Myrrh (Commiphora molmol specifically, but also C. africana, C. erythracea, C. madagascariensis, C. myrrha, and C. schimperi)
Myrrh (Commiphora molmol specifically, but also C. africana, C. erythracea, C. madagascariensis, C. myrrha, and C. schimperi) in the torchwood family (Burseraceae) are perennial trees and shrubs with gray-white bark, native to Northeast Africa and the Arabian Peninsula.1,2,3 The Commiphora species exude a resin or gum, also called myrrh, either naturally or from incisions made in the bark, that is collected for medicinal and consumer use.1,2,3
History and Traditional Use
Myrrh gum has been used in Middle Eastern medicine for treatment of infected wounds and digestive and bronchial complaints for over a thousand years. 4 It was also used as an embalming agent in the Middle East and Africa.4 It is mentioned in the earliest Jewish and Christian holy texts, and is a primary ingredient in incense used for religious rituals.5 Myrrh has been used as a stimulant, antiseptic, to prevent spasms, to induce menstrual flow, and to stimulate digestion.1 It has been used for many conditions such as cancer, leprosy, ulcers, sore throat, coughs, asthma, foul breath, gum disease, and loose teeth. From the seventh century forward, myrrh has been used in Chinese medicine for bleeding hemorrhoids, menstrual difficulties, sores, tumors, and arthritic pain.1
Modern Medicinal Use
The topical use of myrrh is approved by the German Commission E for minor inflammations of the mucous membranes of the mouth and throat.6 A tincture of myrrh is used in many dental remedies, mouthwashes and ointments.7 The British Herbal Compendium lists myrrh as beneficial in treating sore throat and tonsillitis, as a mouthwash for ulcers and gum disease, and externally for skin inflammations.8 It is reported to have antimicrobial activities as well as astringent properties on mucous membranes.1 In Saudi Arabia and eastern Africa, myrrh is used as an anti-inflammatory and rheumatism treatment.9 In France, the topical use is approved for nasal congestion caused by the common cold, and infections of the mouth and throat.10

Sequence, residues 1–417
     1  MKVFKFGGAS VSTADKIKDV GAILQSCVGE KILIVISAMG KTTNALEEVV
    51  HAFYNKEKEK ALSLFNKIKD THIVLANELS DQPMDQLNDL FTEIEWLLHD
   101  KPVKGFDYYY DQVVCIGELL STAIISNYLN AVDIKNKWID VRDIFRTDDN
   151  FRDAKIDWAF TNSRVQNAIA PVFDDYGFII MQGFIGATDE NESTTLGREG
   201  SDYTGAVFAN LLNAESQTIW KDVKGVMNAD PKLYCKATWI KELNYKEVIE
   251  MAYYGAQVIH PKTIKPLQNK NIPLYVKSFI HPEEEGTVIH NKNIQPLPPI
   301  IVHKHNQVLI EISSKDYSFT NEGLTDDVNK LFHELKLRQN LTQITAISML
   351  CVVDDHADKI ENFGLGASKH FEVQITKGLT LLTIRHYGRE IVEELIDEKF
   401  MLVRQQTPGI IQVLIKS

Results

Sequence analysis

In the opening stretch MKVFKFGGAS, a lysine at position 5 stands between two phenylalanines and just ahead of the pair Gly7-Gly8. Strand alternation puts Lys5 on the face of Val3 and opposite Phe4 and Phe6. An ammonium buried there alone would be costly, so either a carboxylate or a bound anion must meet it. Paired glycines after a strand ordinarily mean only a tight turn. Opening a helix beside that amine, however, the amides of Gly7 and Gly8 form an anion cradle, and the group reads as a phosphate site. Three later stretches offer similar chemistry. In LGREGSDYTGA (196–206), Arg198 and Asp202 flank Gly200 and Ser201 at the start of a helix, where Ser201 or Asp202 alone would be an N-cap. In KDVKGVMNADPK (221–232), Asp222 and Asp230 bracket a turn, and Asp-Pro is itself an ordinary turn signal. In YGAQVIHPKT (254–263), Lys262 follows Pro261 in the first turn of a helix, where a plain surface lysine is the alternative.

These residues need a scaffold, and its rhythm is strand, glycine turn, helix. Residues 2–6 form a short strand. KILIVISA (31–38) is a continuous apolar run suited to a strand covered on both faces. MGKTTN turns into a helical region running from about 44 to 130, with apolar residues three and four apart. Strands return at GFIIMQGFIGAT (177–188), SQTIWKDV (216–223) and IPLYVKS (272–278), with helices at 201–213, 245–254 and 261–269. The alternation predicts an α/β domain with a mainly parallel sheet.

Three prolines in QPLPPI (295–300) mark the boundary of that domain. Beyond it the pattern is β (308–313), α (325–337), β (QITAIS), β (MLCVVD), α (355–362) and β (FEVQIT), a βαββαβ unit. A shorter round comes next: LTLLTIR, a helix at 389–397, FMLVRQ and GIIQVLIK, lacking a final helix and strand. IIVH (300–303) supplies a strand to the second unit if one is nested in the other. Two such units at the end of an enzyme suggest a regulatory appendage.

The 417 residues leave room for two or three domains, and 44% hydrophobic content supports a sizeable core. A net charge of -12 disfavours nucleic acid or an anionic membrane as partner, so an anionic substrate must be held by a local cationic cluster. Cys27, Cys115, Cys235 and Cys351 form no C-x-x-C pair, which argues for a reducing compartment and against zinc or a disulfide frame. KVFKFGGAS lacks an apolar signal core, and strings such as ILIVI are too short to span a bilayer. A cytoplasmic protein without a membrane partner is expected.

Modern Consumer Use
Myrrh is used as an astringent in many mouthwashes and gargles.1 The oil is a fragrance component in soaps, detergents, perfumes, and creams. Myrrh can be found in balms to treat chapped lips, and in products used externally for wounds, hemorrhoids, and sores. Myrrh is used as a fragrance and fixative in cosmetics, and as a flavoring component in foods and beverages.1
1 Leung AY, Foster S. Encyclopedia of Common Natural Ingredients Used in Food, Drugs, and Cosmetics. 2nd ed. New York: Wiley-Interscience; 1996.
2 Blumenthal M, Goldberg A, Brinckmann J, editors. Herbal Medicine: Expanded Commission E Monographs. Austin, TX: American Botanical Council; Newton, MA: Integrative Medicine Communications; 2000.
3 Foster S, Tyler VE. Tyler’s Honest Herbal. 4nd ed. Binghamton, NY: Haworth Herbal Press; 2000.
4 Bown D. Encyclopedia of Herbs and Their Uses. New York: DK Publishing, Inc. 1995.
5 Grieve M. A Modern Herbal. New York: Dover Publications, Inc. 1979.
6 Blumenthal M et al. The Complete German Commission E Monographs&emdash;Therapeutic Guide to Herbal Medicines. Austin, TX: American Botanical Council; Boston, MA: Integrative Medicine Communications; 1998
7 Wichtl M, ed., Brinckmann JA, Lindenmaier MP, trans. Herbal Drugs and Phytopharmaceuticals. Stuttgart: Medpharm Scientific Publishers; 2004.
8 Bradley PR, ed. British Herbal Compendium. Vol 1. Bournemouth: British Herbal Medicine Association; 1992.
9 Iwu MM. Handbook of African Medicinal Plants. Boca Raton, FL: CRC Press; 1990.
10 Blumenthal M, Goldberg A, Brinckmann J, editors. Herbal Medicine: Expanded Commission E Monographs. Austin, TX: American Botanical Council; Newton, MA: Integrative Medicine Communications; 2000.